Actually, writing is usually a relaxing thing for me - I work out of my house for my day job so it felt like the work was never done, and to separate myself from it, I began writing fiction. But I find making up complex characters and their emotions, and working through their issues is easier for me to write than the subject of me. I guess I am an endless work in progress!


Meryl Landau (meryldavidslandau) | 808 comments Mod
Jessica, glad you've joined my non-stealing practice. I walked out with someone's pen yesterday and turned back to return it.

I didn't mean I don't find writing relaxing, even though that's kind of what I said. I meant I don't like journaling as my meditation because it's too close to what I do for work. I have tried journaling many times over the years because so many people swear by it, but it's never worked for me.


message 6: by Monette (new) - added it

Monette Chilson (monettechilson) | 66 comments Mod
I am just diving into Ally's book, so I'll start with thoughts on the first 20 pages. I always appreciate writers who work to demystify the eight limbs of yoga. Any work we can do to open people's minds to yoga beyond asana is of great benefit. Ally does a wonderful job with this, taking each limb out of the theoretical realm and making it clear that they can be practical tools in our lives.

The key to successfully incorporating the eight limbs into our lives is realizing we don't have to work on all of them at one time. I love how several of you have selected the specific limb or the yama or niyama that speaks to you where you are today. For me, the the interpretation of the yama of satya (truthfulness) is something I'm working on now in the same terms in which Ally described it—alignment between how we feel, what we say and what we do. I am resisting the urge to blurt out, "Fine!" when someone asks how I'm doing. Instead, I do a quick internal check and reply in a way that is reflective of how I am really doing without providing too much information. Also, her description of the niyama of saucha (cleanliness) as including the state of our external environment has me focusing on the many ways I need to declutter my surroundings. Again, the key to my success in this arena is taking this in manageable bites, i.e. one small section of my closet instead of telling myself I'm going to overhaul my wardrobe.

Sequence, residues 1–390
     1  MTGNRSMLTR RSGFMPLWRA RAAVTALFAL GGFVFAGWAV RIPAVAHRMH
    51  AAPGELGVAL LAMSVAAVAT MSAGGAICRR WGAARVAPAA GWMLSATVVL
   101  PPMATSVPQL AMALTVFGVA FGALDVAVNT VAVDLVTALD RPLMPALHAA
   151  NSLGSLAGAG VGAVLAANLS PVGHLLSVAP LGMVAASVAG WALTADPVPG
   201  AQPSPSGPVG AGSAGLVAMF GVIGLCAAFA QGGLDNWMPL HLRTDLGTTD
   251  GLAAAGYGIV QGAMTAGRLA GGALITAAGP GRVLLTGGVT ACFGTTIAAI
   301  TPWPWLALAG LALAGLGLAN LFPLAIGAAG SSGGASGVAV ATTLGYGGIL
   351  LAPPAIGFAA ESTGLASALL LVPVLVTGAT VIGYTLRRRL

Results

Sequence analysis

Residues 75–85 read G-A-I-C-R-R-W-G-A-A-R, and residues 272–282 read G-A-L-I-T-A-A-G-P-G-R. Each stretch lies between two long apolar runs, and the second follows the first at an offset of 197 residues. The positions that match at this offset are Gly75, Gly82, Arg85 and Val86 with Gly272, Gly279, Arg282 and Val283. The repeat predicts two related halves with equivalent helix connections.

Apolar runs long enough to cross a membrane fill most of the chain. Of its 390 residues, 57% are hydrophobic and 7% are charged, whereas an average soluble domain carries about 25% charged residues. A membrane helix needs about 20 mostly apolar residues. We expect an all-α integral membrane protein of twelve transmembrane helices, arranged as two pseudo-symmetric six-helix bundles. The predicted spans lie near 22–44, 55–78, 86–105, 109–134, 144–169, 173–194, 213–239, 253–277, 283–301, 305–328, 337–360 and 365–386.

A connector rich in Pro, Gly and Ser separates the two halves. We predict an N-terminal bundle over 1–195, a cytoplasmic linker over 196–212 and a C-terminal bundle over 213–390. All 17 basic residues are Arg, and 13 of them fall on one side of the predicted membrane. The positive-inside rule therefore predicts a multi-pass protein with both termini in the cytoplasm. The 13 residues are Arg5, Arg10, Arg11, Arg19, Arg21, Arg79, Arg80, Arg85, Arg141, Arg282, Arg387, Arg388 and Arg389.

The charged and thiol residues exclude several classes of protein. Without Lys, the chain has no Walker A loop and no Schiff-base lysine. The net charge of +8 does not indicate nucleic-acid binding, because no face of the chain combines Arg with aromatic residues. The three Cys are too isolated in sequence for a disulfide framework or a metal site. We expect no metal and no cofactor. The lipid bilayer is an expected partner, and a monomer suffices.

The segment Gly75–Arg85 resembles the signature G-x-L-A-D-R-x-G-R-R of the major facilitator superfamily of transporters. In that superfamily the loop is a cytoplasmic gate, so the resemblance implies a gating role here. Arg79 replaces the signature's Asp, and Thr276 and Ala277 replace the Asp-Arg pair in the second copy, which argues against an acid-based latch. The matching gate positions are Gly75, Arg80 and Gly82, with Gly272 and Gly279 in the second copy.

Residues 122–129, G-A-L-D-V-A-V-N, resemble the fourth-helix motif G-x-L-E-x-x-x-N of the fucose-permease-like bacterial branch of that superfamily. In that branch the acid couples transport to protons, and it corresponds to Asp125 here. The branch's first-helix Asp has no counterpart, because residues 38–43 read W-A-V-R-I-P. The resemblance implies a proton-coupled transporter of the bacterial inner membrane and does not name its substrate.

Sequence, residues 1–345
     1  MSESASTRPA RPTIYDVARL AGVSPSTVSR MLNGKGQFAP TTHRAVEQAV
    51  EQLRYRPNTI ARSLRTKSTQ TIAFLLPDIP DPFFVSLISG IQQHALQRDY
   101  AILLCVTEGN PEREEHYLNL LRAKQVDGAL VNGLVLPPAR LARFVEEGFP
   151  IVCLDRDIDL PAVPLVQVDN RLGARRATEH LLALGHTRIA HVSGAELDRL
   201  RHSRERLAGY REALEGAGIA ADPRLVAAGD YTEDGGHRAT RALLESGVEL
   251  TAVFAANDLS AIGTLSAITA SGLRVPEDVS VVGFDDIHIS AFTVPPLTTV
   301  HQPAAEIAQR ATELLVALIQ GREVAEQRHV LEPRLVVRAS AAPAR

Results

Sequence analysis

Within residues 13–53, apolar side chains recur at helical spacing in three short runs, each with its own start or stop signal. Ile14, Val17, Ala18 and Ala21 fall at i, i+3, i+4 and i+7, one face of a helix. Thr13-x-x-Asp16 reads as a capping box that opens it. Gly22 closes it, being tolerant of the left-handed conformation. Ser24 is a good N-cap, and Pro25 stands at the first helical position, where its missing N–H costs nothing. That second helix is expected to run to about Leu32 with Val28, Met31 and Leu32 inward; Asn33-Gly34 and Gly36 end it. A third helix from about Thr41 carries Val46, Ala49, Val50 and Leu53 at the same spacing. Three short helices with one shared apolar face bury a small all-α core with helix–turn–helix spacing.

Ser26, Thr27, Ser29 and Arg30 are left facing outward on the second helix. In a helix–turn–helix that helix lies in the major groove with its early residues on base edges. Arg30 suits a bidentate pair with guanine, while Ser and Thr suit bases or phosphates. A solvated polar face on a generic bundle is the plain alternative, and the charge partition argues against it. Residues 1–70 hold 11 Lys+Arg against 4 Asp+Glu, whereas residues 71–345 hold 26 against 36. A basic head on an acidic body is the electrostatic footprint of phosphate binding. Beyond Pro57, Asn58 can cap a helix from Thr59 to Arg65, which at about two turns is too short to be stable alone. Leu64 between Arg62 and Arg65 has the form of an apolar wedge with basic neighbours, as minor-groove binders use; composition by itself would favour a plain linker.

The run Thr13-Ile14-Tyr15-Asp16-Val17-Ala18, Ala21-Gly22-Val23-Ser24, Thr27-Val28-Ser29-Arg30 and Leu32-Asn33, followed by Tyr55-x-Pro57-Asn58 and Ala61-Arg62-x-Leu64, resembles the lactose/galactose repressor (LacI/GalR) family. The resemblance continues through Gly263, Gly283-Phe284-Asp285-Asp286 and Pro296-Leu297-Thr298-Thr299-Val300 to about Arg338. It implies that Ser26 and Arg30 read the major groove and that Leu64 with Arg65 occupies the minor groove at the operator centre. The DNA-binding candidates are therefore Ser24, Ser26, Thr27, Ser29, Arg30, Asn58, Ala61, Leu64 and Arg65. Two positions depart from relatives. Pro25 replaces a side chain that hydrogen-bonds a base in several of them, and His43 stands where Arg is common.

I do like how Ally told her own story very succinctly up front, so that she can carry the yogic correlations throughout the book. I am looking forward to seeing how see interlaces her story with the broader message of the book.

That's it for me now. I'll hop back on when I have another chapter or two under my belt.

Namaste,
Monette


message 7: by Julie (new)

Julie | 9 comments I finished listening to the book a few days ago & I haven't done the journaling as that's just not my style. I really enjoyed the book, it was an easy read & the narrator was easy to listen to. I had no idea what the eight limbs were before reading this as I'm new to yoga this year, so I found it all very interesting. At the moment I'm concentrating on being more mindful in my everyday life, trying to live with more compassion and am concentrating on getting into a routine with a regular yoga & meditation practice each day.
The book had me in tears at one point, as I lost my beloved elderly dog earlier this year & I could relate to one chapter in the book. Learning about us all being " beings of energy" & that we are all connected is really changing how I view the world.
Namaste!
Julie


Meryl Landau (meryldavidslandau) | 808 comments Mod
Glad you liked the book, Julie. If you have any questions you'd like to ask Ally, please write the in the thread with that title. She will answer them (and engage in a back and forth if you want) in a week or two.


message 9: by Julie (new)

Julie | 9 comments Thanks Meryl, I'll do that!